Tonality as Drama: Closure and Interruption in Four Twentieth-Century American Operas

Tonality as Drama: Closure and Interruption in Four Twentieth-Century American Operas


Whether you're “in the business,” otherwise you are a track theorist, musicologist, or just an opera fan—read on! this can be an analytical monograph through a Schenkerian tune theorist, however it can also be written by way of one performer and fanatic for another. Tonality as Drama attracts at the fields of dramaturgy, song concept, and historic musicology to respond to a basic query relating to twentieth-century track: why does using tonality persist in opera, even after it's been deserted in different genres? Combining the analytical techniques of the prime song and dramatic theorists of the 20 th century—Austrian tune theorist Heinrich Schenker (1868-1935) and Russian director Constantin Stanislavsky (1863-1938)—Edward D. Latham finds insights into works by means of Scott Joplin, George Gershwin, Kurt Weill, and Aaron Copland which are appropriate to analysts, opera administrators, and performers alike.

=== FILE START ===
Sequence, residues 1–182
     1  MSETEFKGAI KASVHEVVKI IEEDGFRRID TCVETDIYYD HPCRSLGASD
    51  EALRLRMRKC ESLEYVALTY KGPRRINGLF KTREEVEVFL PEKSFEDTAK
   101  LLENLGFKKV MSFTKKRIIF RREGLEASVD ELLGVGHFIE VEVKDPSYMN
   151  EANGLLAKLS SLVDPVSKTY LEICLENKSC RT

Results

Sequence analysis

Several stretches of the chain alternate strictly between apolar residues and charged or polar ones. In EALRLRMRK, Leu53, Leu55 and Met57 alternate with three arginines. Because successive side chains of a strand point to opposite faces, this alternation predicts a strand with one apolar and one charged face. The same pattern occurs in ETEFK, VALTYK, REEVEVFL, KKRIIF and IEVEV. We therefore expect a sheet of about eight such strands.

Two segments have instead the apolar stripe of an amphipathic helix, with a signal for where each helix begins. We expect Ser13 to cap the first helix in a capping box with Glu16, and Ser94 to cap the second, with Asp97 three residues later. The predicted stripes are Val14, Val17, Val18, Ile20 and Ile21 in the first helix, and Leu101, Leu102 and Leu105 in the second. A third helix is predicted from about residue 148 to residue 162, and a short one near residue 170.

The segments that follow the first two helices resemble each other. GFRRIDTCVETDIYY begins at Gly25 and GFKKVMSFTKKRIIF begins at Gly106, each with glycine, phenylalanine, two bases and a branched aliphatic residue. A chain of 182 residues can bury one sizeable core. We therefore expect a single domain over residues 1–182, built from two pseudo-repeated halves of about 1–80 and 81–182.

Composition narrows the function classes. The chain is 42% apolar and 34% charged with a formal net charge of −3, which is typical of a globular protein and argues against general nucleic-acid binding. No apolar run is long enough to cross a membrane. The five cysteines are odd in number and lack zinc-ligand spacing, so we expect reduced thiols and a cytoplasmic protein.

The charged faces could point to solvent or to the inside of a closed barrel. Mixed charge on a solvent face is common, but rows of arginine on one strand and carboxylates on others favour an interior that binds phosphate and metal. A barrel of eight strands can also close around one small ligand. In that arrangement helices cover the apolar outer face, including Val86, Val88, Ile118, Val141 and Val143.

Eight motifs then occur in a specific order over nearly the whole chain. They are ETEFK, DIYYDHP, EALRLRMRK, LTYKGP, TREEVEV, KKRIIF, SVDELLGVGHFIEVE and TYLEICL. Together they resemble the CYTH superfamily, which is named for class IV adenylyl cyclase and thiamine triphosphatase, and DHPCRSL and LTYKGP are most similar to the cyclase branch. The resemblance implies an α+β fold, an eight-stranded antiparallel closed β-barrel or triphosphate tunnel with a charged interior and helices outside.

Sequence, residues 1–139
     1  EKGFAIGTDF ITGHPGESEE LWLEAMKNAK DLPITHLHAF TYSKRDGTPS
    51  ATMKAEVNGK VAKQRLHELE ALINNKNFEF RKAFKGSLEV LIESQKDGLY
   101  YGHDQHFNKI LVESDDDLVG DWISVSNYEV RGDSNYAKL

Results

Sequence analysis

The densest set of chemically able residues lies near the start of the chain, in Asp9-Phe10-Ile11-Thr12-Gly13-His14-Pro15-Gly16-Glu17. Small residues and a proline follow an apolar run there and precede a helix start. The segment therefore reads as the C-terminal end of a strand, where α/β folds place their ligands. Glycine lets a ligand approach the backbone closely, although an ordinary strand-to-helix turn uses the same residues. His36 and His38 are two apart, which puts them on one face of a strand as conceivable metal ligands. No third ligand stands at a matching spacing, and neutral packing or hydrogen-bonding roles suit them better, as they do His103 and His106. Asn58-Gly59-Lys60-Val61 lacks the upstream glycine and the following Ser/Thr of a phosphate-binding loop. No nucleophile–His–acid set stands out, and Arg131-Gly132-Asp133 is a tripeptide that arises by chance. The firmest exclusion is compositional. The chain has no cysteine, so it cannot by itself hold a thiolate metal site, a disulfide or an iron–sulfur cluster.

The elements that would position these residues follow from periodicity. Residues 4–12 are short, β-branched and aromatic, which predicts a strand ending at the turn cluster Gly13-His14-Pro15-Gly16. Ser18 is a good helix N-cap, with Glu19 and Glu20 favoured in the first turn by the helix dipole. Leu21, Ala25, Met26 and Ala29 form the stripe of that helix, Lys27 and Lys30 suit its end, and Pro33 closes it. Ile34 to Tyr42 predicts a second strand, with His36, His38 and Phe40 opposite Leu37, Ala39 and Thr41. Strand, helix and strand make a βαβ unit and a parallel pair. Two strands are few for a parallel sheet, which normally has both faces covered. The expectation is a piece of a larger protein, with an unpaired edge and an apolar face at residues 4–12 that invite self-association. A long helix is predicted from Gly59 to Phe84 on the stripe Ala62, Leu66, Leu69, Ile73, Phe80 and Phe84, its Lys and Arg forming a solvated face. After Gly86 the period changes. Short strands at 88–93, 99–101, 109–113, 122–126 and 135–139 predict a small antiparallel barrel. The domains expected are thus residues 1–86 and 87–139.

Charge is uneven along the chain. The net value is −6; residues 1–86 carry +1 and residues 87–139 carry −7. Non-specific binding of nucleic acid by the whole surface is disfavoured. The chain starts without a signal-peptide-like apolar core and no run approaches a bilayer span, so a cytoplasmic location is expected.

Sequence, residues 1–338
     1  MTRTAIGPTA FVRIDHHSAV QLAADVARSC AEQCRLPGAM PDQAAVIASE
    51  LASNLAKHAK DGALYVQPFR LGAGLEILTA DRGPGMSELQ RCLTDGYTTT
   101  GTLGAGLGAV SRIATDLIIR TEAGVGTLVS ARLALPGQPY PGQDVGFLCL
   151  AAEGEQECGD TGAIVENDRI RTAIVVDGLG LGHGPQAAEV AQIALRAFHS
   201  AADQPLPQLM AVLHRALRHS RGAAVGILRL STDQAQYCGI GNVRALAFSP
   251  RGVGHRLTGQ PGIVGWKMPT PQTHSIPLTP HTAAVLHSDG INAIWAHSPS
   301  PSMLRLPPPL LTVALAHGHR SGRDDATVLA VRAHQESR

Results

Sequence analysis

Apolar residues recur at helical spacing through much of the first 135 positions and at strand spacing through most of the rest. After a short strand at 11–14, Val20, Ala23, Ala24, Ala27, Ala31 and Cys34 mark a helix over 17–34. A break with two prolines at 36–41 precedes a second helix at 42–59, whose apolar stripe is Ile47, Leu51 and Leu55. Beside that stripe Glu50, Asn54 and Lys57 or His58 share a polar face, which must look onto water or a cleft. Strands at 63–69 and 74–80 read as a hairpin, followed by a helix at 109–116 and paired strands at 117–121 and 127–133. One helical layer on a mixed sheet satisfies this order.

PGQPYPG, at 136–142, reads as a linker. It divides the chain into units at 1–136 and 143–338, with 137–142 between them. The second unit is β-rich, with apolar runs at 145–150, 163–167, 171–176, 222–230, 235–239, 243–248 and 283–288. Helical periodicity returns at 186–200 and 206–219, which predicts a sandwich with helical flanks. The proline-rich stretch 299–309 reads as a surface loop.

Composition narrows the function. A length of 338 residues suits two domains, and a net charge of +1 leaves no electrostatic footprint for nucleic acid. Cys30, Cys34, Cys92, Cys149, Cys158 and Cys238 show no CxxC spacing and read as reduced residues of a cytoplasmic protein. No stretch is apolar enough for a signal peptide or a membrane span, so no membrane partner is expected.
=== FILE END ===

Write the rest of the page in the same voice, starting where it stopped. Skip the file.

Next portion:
Tonality as Drama isn't a textbook—rather, it's an cutting edge analytical examine intended to motivate adjustments within the research and function of tonal opera. by means of utilising Schenker’s tonal analytical strategy to a small section (early twentieth-century American opera) of a repertoire normally considered as non-tonal (modern opera), Latham finds a strategic use of tonality in that repertoire as a way of amplifying or undercutting the good fortune or failure of dramatic characters. This use of “strategic tonality” is found in the various grand operas and tune cycles of the 19th century in addition, suggesting avenues for destiny research.

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